Furthermore, according to the research results that imply relation of constipation duration to exceeded obesity prevalence in constipated children, such patients are recommended to immediately refer to a pediatric specialist for further examinations. Constipation and obesity are two chronic processes, which could lead to different biological and psychological consequences  including lack of confidence as well as impaired life quality, particularly during childhood. On the other hand, both complications are closely linked to children's and families' nutritional styles. Needed instructions shall be provided to families in this regard. Since most of the former works have been sectional and/or retrospective studies and taking into account diverse growth and nutrition styles in different regions, more extensive researches (clinical trial or retrospective) are recommended to be carried out on effects of weight loss or weight gain and their correlations to the excretory system and vice-versa.
| Acknowledgments|| |
We thank all participants and their parents for their warm cooperation.
| Implications for family medicine|| |
Both constipation and obesity are very common among adults and children in developed and developing countries. The role of family in prevention and management of these diseases, especially with changing the life-style, is significant and both of them can be treated by changing in life-style and life habits. In this study, we investigated on a probable relationship between obesity and constipation in children.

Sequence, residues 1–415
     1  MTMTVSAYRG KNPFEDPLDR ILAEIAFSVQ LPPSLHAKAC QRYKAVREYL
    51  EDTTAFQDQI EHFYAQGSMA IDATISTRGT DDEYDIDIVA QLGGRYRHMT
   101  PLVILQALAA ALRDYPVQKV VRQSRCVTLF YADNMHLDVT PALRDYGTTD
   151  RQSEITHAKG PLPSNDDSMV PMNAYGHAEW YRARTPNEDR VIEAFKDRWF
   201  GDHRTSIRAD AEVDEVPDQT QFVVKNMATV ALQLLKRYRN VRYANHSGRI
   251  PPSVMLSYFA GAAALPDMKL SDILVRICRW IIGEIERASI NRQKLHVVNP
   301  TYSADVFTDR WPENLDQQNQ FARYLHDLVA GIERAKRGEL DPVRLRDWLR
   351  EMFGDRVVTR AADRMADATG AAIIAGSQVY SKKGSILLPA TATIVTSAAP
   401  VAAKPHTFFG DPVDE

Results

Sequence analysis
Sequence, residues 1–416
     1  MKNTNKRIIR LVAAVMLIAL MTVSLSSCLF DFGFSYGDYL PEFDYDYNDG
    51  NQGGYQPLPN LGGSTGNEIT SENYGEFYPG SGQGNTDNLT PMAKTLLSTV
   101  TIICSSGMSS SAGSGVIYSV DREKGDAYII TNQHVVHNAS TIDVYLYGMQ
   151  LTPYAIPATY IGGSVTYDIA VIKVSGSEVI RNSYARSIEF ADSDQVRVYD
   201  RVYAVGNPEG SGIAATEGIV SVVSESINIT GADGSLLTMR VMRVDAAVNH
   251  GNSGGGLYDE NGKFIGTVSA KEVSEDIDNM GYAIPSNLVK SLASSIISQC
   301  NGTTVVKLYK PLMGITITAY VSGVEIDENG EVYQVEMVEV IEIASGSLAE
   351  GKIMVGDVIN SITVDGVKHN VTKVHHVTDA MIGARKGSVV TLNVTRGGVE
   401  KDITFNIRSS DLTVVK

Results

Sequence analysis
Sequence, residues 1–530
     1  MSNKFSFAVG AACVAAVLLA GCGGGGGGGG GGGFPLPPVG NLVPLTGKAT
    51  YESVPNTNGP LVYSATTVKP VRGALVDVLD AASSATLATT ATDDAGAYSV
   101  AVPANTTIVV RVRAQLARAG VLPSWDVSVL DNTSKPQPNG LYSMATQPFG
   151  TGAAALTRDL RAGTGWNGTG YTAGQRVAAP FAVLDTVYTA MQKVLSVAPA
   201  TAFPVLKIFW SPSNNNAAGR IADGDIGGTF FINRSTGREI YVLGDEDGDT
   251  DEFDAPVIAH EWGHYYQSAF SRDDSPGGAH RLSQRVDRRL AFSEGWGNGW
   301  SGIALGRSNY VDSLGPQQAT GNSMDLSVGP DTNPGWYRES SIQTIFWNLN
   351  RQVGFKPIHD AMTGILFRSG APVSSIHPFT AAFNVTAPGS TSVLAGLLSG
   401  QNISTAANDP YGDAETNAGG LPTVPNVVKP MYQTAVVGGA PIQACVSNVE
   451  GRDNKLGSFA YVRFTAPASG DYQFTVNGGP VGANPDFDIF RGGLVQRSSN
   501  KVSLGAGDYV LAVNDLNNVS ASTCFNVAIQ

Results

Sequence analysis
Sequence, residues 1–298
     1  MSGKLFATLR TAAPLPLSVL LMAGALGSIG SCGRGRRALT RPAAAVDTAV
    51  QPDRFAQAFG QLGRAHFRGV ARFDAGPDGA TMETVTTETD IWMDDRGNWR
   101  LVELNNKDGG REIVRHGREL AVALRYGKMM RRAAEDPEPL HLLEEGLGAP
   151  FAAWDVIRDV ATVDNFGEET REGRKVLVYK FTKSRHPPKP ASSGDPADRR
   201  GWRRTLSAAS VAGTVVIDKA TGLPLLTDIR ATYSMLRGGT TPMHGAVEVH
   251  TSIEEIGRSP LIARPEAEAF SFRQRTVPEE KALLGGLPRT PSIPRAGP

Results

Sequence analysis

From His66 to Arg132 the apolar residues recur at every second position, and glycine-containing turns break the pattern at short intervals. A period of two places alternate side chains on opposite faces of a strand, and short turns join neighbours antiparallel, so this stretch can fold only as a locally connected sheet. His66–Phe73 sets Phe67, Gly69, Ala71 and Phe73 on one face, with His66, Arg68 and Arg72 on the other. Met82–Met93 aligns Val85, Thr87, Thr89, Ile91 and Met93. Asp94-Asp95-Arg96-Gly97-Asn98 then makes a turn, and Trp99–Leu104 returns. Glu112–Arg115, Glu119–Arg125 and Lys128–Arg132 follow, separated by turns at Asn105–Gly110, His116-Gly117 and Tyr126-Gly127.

| References|| |
|1.||Loening-Baucke V, Miele E, Staiano A. Fiber (glucomannan) is beneficial in the treatment of childhood constipation. Pediatrics 2004;113:e259-64. |
|2.||Castillejo G, Bulló M, Anguera A, Escribano J, Salas-Salvadó J. A controlled, randomized, double-blind trial to evaluate the effect of a supplement of cocoa husk that is rich in dietary fiber on colonic transit in constipated pediatric patients. Pediatrics 2006;118:e641-8. |
|3.||Voskuijl WP, Heijmans J, Heijmans HS, Taminiau JA, Benninga MA. Use of Rome II criteria in childhood defecation disorders: Applicability in clinical and research practice. J Pediatr 2004;145:213-7. |
|4.||Nader PR, O'Brien M, Houts R, Bradley R, Belsky J, Crosnoe R, et al. Identifying risk for obesity in early childhood. Pediatrics 2006;118:e594-601. |
|5.||Blum NJ, Taubman B, Nemeth N. During toilet training, constipation occurs before stool toileting refusal. Pediatrics 2004;113:e520-2. |
|6.||Gahagan S. Functional constipation and soiling. Behavioral disorders. In: Kliegman R, editor. Nelson Essential of Pediatric Medicine. 5 th ed., Ch. 14, Section III. Elsevier Publication: Philadelphia; 2006. p. 70-5. |
|7.||Karami H, Mousavi A, Khademloo M, Soleimani F. Etiology of chronic constipation and related causes in children referred to Boo-Ali Sina Hospital in Sari between 2006 and 2007. J Birjand Univ Med Sci 2010;16:51-6. |
|8.||Krebs N, Primak L. Obesity pediatric nutritional disorders. In: Kliegman R, editor. Nelson Essential of Pediatric Medicine. 5 th ed., Ch. 29, Section VI. Elsevier Publication: Philadelphia; 2006. p. 140-8. |